Case Study – Algebra Tip Pty Ltd v D&M Group (Vic) Pty

This month we successfully represented our client in an interesting matter about whether a ‘rooming house’ is domestic building works within the meaning of the Domestic Building Contracts Act 1995 (DBCA). For this case, we needed to carefully consider the zoning of where the property was built, the purpose of the permit, whether the works were excluded under s6 of the DBC Act (ie, was it for ‘business purposes’) and whether the design differed from traditional shared accommodation design.

Algebra Tip Pty Ltd v D&M Group (Vic) Pty [2021] VCAT 652 (22 June 2021) (Acting Deputy President S. Kirton)

The facts of Algebra Tip Pty Ltd v D&M Group (Vic) Pty involved our client, the Applicant, entering into a building contract with the Respondent for the design and construction of a single level 9 bedroom class 1b rooming house. The contract included a number of documents such as planning permission documents, building permit documents, architectural and engineering drawings and specifications. One of the planning permit documents was a letter dated 13 March 2019 from the Greater Shepparton City Council which noted that because the land is liable to flooding, the minimum floor level of the proposed dwelling “must be 112.10m AHD or in accordance with BCA 2016 Part 3.1.2.3(b) whichever is the greater.”

Construction of the Project commenced on or around 17 June 2019 and continued until September 2019. The Applicant made a number of progress payments, totaling $239,200.

A dispute arose between the Applicant and the Respondent when the Respondent breached the contract in that:
– The Respondent constructed the finished floor level 600mm lower than the approved building plans;
– The Respondent failed to rectify other defects as identified by the engaged building consultant, Mr Catanzaro;
– The Respondent failed to appropriately fence the site; and
– The Respondent failed to proceed with or complete the works.

By reason of the abovementioned breaches, the Applicant was entitled to terminate the contract. Acting Deputy President S. Kirton was satisfied that the Applicant validly terminated the contact pursuant to clause 44.10 which provided that if the contract is terminated by the principal, the rights and liabilities of the parties shall be the same as they would have been at common law had the defaulting party repudiated the contract and the other party elected to treat the contract as at an end and recover damages.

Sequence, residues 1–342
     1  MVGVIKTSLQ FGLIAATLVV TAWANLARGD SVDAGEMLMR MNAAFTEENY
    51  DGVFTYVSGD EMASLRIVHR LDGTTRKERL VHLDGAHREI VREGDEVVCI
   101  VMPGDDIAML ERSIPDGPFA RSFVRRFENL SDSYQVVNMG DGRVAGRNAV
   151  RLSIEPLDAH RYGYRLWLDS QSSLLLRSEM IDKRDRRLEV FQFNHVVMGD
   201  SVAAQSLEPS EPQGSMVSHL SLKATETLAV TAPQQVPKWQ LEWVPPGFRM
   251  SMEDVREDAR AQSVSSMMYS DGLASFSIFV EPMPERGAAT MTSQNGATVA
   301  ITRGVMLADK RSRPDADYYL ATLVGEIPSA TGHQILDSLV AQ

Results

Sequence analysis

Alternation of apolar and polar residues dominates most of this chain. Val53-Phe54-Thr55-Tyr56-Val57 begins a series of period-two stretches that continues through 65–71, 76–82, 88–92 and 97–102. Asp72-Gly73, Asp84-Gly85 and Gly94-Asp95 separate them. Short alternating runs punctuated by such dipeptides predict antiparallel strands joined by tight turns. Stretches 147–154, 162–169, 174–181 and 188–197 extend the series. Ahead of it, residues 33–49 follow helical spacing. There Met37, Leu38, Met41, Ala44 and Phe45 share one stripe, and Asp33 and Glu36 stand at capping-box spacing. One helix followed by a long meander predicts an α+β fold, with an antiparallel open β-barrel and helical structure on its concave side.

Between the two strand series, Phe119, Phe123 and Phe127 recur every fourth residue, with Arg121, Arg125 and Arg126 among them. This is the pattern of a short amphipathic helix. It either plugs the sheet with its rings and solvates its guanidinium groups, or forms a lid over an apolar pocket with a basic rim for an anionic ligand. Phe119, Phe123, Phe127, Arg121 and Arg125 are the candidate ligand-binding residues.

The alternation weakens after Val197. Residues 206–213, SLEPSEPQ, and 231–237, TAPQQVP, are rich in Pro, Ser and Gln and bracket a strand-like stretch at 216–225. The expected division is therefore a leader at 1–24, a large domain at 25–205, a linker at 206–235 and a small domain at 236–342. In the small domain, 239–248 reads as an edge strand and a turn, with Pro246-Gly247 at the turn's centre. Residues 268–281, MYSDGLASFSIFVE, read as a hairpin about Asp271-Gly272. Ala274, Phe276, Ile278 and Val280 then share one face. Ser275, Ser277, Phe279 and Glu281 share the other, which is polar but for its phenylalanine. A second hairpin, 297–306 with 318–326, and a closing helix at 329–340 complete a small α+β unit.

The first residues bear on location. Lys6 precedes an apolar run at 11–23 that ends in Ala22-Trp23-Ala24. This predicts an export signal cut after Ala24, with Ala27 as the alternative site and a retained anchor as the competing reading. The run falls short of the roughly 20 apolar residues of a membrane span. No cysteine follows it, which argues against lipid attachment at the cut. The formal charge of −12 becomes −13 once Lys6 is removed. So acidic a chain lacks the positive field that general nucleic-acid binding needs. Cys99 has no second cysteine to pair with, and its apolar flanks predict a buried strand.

The Tribunal had to consider whether the work was domestic building work within the meaning of the Domestic Building Contracts Act 1995 (DBCA) because the building is described as a rooming house. It was found by Acting Deputy President S. Kirton that the works fall within the meaning of s5(1)(e) of the DBCA that is, it is a building being built on land zoned for residential purposes (ss(i)) and for which a building permit was required (ss(ii)). It was also found that the work was not excluded by s6 of the DBCA, giving discussion as to whether the phrase “for business purposes” mean in the context of a building used as a rooming house, where residential accommodation is rented to tenants. The design used by the Applicant differed from a ‘traditional shared accommodation design’ in the sense that each of the nine rooms in the building has its own ensuite bathroom and kitchenette. This ‘micro-apartment’ design would attract long-term tenants; and its design was not limited to having it operate as a rooming house allowing the building to be rented to a single tenant if desired.

Acting Deputy President S. Kirton was satisfied that the work subject of the respondent’s contract comprises a building that is designed and intended to be used as a residential premises and therefore is not captured by the s6(1)(c) exclusion.

As a result, it was found that the work falls within the meaning of s3 of the DBCA as it is work referred to in section 5 and is not excluded from the operation of the Act by section 6. As such, Acting Deputy President S. Kirton found in favour of our client, and found that the Applicant had suffered loss and damage of $392,222.84 plus liquidated damages of $61,320 making a total of $453,542.84.

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